In the present work we have deciphered a new p63 pathway involving genes of cell-cell and cell-matrix adhesion in cervical carcinoma. It is not unexpected that genes modulating cell adhesion in epithelial cells were down-modulated in cervical carcinoma cells, thus participating in cell transformation. However, the mechanism by which this transcriptional modulation occurs is not yet known, and we can only speculate about potential mechanisms. Unlike p53, p63 status in cervical carcinoma as well as in other cancers is not well established, and it remains unclear whether p63 is a tumor suppressor gene or an oncogene. Point mutations of p63 are rare in cancers, and contradictory reports are present in the literature regarding its specific regulation in transformed cells, although it has been shown to be highly expressed in several epithelial cancers (reviewed in reference 13
). The complexity of the studies is due to the existence of multiple isoforms with opposite functions, with TAp63 as a likely tumor suppressor and ΔNp63 as an oncogene. In any case, p63 has not been shown previously to be degraded through the E6/E6AP proteasome pathway, and our results do not necessarily imply a direct involvement of this pathway in p63 modulation, although more experiments are needed to confirm that point. Another option is that modulation of the p63 target genes reflects modulation of the p63 transcription by p53, degradation of p53 leading to transcriptional down-regulation of p63, or, in the presence of E2, p53 stabilization leading to p63 activation.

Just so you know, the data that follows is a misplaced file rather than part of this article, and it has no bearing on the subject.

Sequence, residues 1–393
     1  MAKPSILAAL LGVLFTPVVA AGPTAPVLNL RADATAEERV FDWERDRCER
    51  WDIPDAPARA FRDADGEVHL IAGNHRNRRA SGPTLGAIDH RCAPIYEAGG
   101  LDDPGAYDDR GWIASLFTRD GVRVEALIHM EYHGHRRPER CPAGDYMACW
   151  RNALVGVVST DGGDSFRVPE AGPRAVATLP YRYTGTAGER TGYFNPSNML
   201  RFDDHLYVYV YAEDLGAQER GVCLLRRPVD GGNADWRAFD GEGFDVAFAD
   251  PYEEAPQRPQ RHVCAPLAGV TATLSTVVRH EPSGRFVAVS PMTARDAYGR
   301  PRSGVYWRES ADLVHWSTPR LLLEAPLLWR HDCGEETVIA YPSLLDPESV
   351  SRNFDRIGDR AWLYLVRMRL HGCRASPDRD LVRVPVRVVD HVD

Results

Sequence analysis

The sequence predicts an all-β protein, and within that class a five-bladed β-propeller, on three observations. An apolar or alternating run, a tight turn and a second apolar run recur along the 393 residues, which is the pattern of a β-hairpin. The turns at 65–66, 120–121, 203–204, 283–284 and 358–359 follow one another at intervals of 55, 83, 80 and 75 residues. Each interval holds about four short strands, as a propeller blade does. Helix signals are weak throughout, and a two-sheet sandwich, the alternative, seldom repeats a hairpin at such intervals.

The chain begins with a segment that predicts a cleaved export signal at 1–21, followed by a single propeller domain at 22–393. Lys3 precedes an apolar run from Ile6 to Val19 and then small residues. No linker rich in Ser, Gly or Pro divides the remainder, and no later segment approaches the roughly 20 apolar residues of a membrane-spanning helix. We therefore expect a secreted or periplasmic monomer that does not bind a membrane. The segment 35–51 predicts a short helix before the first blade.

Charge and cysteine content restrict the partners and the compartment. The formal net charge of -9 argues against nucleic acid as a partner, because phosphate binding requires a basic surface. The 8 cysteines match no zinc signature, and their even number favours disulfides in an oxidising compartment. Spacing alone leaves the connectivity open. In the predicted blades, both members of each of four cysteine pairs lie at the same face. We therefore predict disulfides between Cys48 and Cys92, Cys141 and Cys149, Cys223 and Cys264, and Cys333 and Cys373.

The microarrays described here have confirmed and extended our previous observation that an important cluster of mitotic genes is modulated in cervical carcinoma. Furthermore, we could deduce that this specific modulation was essentially due to the expression of the E7 viral oncogene and the subsequent modulation of the pRb family of repressors of the E2F transcription factors. A recent study indicated that, indeed, repression of the E7/pRb pathway initiates induction of senescence in HeLa cells expressing the BPV1 E2 protein (20
). However, when mitotic genes were examined, no consensus E2F binding sequences could be found in their regulatory regions, contrasting with the genes involved in the G1
/S transition (12
). This means that other transcription factors are involved in transcriptional activation of the mitotic genes, which themselves are direct E2F target genes. Such transcription factors were found repressed by E2 in our experiments, including NF-YB in the present experiments (Table ) and B-Myb and FoxM1 in the previous microarray experiments (41
). The histone-like NF-Y transcription factor is the paradigm of a constitutive ubiquitous factor that prepares the promoter architecture for other factors to get access to it. It binds to the CCAAT box, which has been found in many cell cycle-regulated promoters (24
). In ChIP assays, NF-Y is found sequentially recruited to promoters of cell cycle genes together with E2F1 and E2F4 (4